Introduction: Genetic polymorphisms in TCF7L2 are the strongest common risk variants for type 2 diabetes. We and others had showed that genetic variation in TCF7L2 affects incretin-stimulated insulin secretion. A recent genome-wide association study discovered variants associated with incretin levels. We hypothesized that these SNPs interact with the well-known TCF7L2 variant rs7903146 on insulin secretion due to their incretin altering effect.
Methods: Insulin secretion was measured with OGTT-based indices that were calculated from insulin, C-peptide and glucose levels in the cross-sectional TUEF-cohort (n=2929). We also measured insulin secretion in a modified hyperglycemic clamp at 10 mmol/l, using additional GLP-1 infusion at the end of the clamp (n=76). Besides rs7903146 in TCF7L2, we genotyped rs17681684 in GLP2R, rs1800437 in GIPR, rs17683011 in SLC5A1, as well as 3 additional variants associated with GIP levels.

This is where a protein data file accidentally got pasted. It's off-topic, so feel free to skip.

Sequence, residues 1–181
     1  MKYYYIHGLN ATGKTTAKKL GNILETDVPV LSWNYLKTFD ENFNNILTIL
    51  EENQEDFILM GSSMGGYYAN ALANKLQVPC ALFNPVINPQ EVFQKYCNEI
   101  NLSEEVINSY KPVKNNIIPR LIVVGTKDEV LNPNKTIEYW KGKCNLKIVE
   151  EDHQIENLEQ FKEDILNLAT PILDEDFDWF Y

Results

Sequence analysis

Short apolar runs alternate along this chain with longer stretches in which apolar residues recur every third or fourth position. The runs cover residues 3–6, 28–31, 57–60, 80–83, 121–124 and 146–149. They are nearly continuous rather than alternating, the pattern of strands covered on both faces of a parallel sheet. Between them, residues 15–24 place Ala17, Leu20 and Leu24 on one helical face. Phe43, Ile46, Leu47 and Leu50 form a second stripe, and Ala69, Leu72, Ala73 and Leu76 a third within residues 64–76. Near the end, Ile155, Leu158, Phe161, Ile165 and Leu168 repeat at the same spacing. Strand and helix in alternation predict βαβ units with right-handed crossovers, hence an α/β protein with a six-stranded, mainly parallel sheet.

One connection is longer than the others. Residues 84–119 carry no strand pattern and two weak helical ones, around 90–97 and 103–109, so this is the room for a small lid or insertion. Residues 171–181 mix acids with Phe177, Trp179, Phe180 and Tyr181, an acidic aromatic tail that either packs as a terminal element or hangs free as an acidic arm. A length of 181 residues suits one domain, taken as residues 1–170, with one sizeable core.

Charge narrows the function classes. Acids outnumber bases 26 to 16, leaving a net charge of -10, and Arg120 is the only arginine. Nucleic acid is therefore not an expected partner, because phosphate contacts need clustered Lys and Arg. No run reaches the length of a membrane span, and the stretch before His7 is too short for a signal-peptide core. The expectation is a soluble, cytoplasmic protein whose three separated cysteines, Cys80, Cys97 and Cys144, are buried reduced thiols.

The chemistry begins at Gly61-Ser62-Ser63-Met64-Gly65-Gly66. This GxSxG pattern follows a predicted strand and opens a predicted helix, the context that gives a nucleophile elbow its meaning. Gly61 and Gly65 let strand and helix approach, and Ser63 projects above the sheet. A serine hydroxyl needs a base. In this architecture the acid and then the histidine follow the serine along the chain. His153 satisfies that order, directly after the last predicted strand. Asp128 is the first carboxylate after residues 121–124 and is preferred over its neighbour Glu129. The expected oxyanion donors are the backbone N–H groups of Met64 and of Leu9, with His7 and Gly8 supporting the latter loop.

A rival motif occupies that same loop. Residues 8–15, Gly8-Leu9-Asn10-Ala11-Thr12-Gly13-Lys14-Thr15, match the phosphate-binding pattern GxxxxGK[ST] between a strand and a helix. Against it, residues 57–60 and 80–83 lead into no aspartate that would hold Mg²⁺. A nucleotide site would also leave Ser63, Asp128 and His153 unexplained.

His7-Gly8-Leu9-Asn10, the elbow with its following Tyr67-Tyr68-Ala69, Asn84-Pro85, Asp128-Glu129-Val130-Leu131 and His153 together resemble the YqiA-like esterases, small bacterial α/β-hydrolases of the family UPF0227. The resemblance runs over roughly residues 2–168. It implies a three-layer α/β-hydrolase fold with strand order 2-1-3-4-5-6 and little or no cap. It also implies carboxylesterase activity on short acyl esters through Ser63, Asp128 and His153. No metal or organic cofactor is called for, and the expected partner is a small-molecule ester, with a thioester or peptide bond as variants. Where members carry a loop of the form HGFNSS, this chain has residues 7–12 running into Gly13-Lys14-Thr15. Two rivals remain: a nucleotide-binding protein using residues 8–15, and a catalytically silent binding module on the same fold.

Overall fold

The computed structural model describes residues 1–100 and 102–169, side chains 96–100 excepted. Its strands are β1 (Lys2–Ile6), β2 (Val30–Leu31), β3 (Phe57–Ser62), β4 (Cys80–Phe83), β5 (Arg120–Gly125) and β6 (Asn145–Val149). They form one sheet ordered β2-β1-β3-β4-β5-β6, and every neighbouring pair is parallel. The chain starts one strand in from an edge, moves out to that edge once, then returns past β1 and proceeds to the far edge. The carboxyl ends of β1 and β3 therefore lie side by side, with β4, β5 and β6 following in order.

Results: Four of the 6 incretin-associated SNPs exhibited at least nominally significant SNP x SNP interactions with rs7903146 in TCF7L2 on insulin secretion measured by the corrected insulin response (CIR). In the hyperglycemic clamp study, rs7903146 in TCF7L2 interacted with rs1800437 (GIPR) on both AUC insulin and C-peptide, and rs17681684 (GLP2R) on AUC C-peptide during the GLP-1 stimulation phase (p<0.05).
Conclusion: These findings corroborate the role of the TCF7L2 variant in mediating incretin action to increase diabetes risk. They highlight the importance of SNP x SNP interactions in the assessment of the genetic architecture of type 2 diabetes.
B. Jaghutriz: None. M. Heni: Research Support; Self; Boehringer Ingelheim GmbH. Speaker's Bureau; Self; Boehringer Ingelheim GmbH, Merck Sharp & Dohme Corp., Novo Nordisk Inc.. S.Z. Lutz: None. H. Staiger: None. A. Peter: None. H. Haering: None. A. Fritsche: Advisory Panel; Self; Sanofi-Aventis Deutschland GmbH, Novo Nordisk A/S, Eli Lilly and Company, Boehringer Ingelheim GmbH. R. Wagner: None.